Catering to diversity
Hopetoun Children’s Centre in Flemington, Melbourne, is a multicultural hub within the local community. The centre’s goals include developing the centre’s operations to embrace the different cultural beliefs, practices and needs of the families attending the centre, in order to create a collective sense of belonging. Toni Robb, Team Leader at Hopetoun Children’s Centre, provides a snapshot of how this is achieved.
How many different nationalities are present at Hopetoun Children’s Centre?
At the moment people from Somalia, Vietnam, China, Sudan, Ethiopia, India, Turkey, Spain and Italy come to our centre. I’m lucky to have a lot of staff who speak English as a second language; it helps when orientating families into the centre.
What’s your philosophy when it comes to cultural inclusion?
We’re part of Monee Valley City Council and we’re one of five centres. Our policy is to include multiculturalism in all our centres and this practice extends to our families. This centre attracts more multiculturalism because of the area that we’re situated in. We respect all families and, in return, they respect us. So it’s all about respecting one another and acknowledging their beliefs and their customs and then, in turn, they acknowledge ours. It’s also about listening to their needs, because everyone’s beliefs are different. That’s what inclusion is about.
In what ways are the families’ sense of inclusion and cultural representation encouraged?
We’re lucky enough to have a parent room here at the centre, where parents often bring in things from home. For example, one of the Somali families brought in a costume that they had at their special Ramadan, and she no longer wanted it so I put it up on the wall and I wrote about what it was.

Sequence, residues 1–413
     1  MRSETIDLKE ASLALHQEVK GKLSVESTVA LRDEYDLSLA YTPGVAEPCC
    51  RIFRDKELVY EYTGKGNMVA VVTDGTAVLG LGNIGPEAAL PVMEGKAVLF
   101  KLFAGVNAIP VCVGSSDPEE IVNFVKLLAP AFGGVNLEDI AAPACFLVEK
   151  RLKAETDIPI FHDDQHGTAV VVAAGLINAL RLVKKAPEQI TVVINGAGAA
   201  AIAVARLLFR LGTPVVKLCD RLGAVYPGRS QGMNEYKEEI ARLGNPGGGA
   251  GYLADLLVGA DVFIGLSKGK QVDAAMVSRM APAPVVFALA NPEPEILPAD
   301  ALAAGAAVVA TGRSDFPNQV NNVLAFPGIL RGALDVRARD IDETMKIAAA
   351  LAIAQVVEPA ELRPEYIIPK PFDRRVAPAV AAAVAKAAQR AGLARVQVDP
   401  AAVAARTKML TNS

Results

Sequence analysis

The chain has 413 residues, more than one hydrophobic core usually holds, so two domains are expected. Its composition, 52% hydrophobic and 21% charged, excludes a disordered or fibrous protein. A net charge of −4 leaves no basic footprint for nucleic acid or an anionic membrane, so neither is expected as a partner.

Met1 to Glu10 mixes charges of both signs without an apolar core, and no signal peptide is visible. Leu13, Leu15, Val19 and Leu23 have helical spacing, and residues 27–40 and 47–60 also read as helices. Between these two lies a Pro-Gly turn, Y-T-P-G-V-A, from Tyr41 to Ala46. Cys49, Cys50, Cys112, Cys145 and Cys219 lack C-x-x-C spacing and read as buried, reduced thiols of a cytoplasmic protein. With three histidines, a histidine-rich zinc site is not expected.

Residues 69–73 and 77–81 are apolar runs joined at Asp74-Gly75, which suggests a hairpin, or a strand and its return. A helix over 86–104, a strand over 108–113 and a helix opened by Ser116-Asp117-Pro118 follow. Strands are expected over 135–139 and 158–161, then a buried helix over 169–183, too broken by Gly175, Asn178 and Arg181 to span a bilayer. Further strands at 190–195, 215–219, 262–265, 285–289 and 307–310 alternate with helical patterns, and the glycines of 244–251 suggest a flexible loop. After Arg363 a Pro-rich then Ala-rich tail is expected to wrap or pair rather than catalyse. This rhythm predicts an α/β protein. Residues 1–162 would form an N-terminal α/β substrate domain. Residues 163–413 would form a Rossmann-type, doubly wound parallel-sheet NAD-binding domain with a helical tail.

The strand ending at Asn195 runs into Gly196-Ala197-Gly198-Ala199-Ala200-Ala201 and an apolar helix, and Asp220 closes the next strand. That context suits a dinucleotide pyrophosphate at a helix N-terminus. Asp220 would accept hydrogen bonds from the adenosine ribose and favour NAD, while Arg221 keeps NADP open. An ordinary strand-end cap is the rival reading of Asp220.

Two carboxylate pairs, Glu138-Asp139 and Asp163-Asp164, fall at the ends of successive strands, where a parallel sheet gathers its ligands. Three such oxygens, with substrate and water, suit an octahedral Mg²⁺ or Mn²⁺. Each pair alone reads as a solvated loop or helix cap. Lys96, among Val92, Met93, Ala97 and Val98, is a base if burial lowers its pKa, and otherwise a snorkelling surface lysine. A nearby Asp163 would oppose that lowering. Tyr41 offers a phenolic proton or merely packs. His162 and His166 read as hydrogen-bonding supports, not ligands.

Another parent wanted to do henna painting for the children. We took photos and we displayed that up on the wall. Another parent who is English/Spanish sings and plays the guitar. We always ask parents to participate and contribute to the program. We take photos to let parents know what they’ve done and to let them know that they are a part of the centre as well.
Sometimes children bring in things from home, which is great. For example, when it was the Chinese New Year, they brought in things that they had at the festival and decorated the learning environment. In the kindergarten some of the children frequently bring books and CDs from their culture to share in the room. The staff will read the books at story time and play the CDs at music time. All the children have the opportunity to learn about other cultures within their community.
It’s not just the children’s centre, it’s a centre for whole families, and a suggestion box is always out there because, as you know, parents have all got different talents and that’s great. It’s all about feeling included.
How is this reflected in the food that Hopetoun Children’s Centre prepares for the children?
Our cook is Vietnamese, her name is Nga. She makes foods from all around the world, but at our centre we also take cultural beliefs into consideration when choosing and preparing our food. For example, we have a lot of Muslim children, so we offer halal foods. When I first started, the Muslim children would have vegetarian, so then I put a survey out asking if it would be a problem if we served halal meat. The survey came back with great responses and since then, we have used halal so the Muslim families don’t miss out. As long as I explained it to the families, and got them to be a part of it by putting the survey out, that was fine.